Release: February 25, 2014
Source: Won from publisher
For Macallan and Levi, it was friends at first sight. Everyone says guys and girls can’t be just friends, but these two are. They hang out after school, share tons of inside jokes, their families are super close, and Levi even starts dating one of Macallan’s friends. They are platonic and happy that way.Can guys and girls ever really be just friends?
Eventually they realize they’re best friends — which wouldn’t be so bad if they didn’t keep getting in each other’s way. Guys won’t ask Macallan out because they think she’s with Levi, and Levi spends too much time joking around with Macallan, and maybe not enough time with his date. They can’t help but wonder . . . are they more than friends or are they better off without making it even more complicated?
From romantic comedy superstar Elizabeth Eulberg comes a fresh, fun examination of a question for the ages: Can guys and girls ever really be just friends? Or are they always one fight away from not speaking again — and one kiss away from true love?
Yes. Obviously. If Better Off Friends truly tried to answer that question, there would be no point to its story; anyone with adequate social experience knows that friendship comes in all forms, regardless of gender. However, Elizabeth Eulberg's latest romantic comedy luckily does not attempt to offer universal relationship advice, condemning all platonic male-female friendships to failure or assuring them success. Instead, it tells one small story—the story of Macallan and Levi and where their relationship belongs—and while their tale may not be the grand, universal model that the blurb makes it out to be, it is delightful to read about.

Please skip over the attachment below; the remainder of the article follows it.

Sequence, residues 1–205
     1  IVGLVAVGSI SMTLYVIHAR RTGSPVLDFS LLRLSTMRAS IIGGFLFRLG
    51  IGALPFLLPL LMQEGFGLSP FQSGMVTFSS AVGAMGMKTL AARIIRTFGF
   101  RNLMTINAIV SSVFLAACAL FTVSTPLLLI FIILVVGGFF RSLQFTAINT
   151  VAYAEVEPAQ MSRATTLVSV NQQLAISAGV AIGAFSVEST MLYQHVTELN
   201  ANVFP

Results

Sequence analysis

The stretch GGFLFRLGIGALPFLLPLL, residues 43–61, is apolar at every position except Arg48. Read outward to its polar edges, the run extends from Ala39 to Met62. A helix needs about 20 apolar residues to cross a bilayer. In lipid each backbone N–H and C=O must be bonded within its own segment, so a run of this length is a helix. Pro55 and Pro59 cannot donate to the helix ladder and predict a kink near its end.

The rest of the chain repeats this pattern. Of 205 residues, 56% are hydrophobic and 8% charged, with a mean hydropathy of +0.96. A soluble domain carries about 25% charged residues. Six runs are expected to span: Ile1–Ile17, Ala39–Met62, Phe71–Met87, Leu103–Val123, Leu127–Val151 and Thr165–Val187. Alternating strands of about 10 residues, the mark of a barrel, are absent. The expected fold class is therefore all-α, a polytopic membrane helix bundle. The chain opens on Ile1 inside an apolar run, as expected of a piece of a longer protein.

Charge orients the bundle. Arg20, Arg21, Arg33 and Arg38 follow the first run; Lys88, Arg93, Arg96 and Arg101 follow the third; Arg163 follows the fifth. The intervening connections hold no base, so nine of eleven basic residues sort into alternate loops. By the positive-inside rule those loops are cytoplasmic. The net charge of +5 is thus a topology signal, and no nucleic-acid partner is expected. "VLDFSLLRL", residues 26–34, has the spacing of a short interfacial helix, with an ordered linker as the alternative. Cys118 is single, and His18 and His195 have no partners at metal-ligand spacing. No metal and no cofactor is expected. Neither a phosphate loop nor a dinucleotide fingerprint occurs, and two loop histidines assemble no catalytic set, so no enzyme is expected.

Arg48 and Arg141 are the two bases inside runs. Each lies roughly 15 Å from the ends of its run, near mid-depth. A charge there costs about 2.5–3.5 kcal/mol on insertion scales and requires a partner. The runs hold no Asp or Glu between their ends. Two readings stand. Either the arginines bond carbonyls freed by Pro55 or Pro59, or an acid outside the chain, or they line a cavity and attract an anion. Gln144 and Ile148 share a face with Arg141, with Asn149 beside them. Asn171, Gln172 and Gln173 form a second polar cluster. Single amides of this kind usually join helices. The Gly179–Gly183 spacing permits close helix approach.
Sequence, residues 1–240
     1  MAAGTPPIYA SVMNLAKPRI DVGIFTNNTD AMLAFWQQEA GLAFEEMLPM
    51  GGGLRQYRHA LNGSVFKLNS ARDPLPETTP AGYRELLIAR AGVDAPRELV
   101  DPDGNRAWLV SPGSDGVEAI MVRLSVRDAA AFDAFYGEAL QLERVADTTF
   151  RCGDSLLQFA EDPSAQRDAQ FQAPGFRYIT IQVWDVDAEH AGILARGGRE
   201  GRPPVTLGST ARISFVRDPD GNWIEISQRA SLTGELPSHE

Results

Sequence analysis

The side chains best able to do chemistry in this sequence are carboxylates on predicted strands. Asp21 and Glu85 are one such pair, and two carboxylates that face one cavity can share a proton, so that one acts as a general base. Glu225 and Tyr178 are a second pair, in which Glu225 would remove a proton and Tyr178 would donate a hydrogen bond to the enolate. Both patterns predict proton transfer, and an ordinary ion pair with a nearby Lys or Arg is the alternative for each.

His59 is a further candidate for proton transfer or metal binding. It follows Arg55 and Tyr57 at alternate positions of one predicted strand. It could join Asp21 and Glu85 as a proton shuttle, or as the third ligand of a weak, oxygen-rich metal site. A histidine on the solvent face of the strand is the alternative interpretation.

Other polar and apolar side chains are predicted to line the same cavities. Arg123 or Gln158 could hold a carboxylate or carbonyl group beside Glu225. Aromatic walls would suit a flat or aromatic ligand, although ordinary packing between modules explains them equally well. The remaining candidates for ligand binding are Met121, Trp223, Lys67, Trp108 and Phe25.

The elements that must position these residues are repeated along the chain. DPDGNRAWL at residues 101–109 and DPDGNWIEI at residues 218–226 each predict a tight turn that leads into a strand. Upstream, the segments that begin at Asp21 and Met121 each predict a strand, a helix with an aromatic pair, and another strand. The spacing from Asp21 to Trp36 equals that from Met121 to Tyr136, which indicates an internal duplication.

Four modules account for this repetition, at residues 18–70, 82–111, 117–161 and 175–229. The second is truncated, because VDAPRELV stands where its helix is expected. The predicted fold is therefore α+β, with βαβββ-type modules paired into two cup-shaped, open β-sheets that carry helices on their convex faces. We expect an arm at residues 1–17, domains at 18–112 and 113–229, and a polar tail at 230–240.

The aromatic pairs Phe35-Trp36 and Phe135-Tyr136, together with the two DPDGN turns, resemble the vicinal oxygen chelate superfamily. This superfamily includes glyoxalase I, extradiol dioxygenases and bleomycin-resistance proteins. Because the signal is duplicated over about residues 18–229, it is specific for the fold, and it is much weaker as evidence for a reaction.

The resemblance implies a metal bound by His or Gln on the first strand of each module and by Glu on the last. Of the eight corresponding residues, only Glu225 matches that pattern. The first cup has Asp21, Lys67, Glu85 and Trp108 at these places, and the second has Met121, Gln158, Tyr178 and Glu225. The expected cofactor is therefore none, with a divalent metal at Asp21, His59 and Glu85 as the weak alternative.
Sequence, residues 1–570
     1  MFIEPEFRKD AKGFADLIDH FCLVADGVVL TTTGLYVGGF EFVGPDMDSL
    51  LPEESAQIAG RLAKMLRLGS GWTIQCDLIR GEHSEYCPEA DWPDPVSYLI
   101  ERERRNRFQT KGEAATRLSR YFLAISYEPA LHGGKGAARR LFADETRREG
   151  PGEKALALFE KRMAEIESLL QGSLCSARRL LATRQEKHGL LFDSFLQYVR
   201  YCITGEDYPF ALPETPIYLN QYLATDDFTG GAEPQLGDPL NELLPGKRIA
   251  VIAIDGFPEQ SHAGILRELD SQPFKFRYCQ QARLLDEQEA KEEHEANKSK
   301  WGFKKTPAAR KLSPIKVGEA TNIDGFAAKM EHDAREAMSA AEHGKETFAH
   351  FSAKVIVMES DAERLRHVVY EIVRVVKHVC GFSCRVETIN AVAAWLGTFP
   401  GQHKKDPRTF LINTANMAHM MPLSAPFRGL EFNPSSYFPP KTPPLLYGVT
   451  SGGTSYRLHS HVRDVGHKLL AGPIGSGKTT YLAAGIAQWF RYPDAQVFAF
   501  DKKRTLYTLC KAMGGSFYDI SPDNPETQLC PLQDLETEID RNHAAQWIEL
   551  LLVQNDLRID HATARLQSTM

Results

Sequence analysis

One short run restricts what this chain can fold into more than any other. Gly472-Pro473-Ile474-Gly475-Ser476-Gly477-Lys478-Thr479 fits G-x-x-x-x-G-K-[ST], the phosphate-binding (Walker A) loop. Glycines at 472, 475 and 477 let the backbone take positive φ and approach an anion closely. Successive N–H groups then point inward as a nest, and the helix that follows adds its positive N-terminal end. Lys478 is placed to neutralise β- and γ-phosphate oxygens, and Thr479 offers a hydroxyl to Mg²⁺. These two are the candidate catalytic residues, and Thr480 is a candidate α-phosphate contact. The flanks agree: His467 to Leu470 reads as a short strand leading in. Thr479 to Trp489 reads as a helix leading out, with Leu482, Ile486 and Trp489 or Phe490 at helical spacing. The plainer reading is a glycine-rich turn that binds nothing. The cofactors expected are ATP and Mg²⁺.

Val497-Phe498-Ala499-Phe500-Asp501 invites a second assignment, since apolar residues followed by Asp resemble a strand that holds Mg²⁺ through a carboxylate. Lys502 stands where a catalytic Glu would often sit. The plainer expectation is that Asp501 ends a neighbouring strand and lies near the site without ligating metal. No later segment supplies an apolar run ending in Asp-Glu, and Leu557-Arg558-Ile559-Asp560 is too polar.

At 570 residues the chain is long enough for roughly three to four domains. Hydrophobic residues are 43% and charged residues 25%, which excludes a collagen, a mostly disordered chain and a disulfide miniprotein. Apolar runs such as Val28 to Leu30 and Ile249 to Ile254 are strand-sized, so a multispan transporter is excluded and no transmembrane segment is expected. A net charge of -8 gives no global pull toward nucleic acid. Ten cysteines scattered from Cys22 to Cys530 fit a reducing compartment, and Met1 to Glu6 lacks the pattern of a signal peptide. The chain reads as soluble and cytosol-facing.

Stretching over the span of five years, from seventh grade to junior year, Better off Friends spins a long, drawn-out tale and creates a remarkably well-developed relationship. The years-long plot gives Macallan and Levi's legendary friendship time to develop and presents many obstacles along the way. Their banter never feels forced because, after watching them grow up together, it is easy to accept how well they know each other. Eulberg also keeps her story snappy by inserting short snippets of present-day dialogue at the beginning of each chapter as the characters look back on earlier events. The long string of memories, combined with the preset-day commentary on them, creates a relationship so realistic that readers will be invested in its end, anticipating whether or not the two characters really are just friends, and hoping everything works out either way.
Better Off Friends is not only a romance and friendship novel, though; it also focuses on family. Readers get glimpses of both Macallan's and Levi's home lives, but Eulberg focuses more on the former character's. Macallan's mother died shortly before the start of the story—which creates an emotional subplot—and has an uncle who happens to suffer from a mild developmental disorder—which gives Macallan a passion for standing against disability-based bullying. Eulberg writes both of these family members, as well as their effect on Macallan, in an impressively natural way. She does not use either one as a plot device, but rather a complete person in Macallan's life who has a huge effect on the complex individual she becomes.
I only have one complaint about this book—the way it sometimes seems to reinforce stereotypical gender descriptions. Because it tells a story about friendship between boys and a girls, it includes some lines such as "the difference between having a best friend who is a girl instead of a guy," and "girls are so much more [insert vague adjective here] than boys." As someone who passionately hates adherence to gender roles, I wish Eulberg had not treated gender as the deciding factor in a person's personality. Maybe all of these lines were meant in a less-than-serious way, but I could not help growing annoyed at the stereotypes.
Still, Better Off Friends is so adorable, sweet, and addictive in every other regard that I could not help being enamored with it anyway. As I said, it is a small story, but it has enough heart to share with thousands of similar stories. Despite my one complaint, this book and I are better off friends.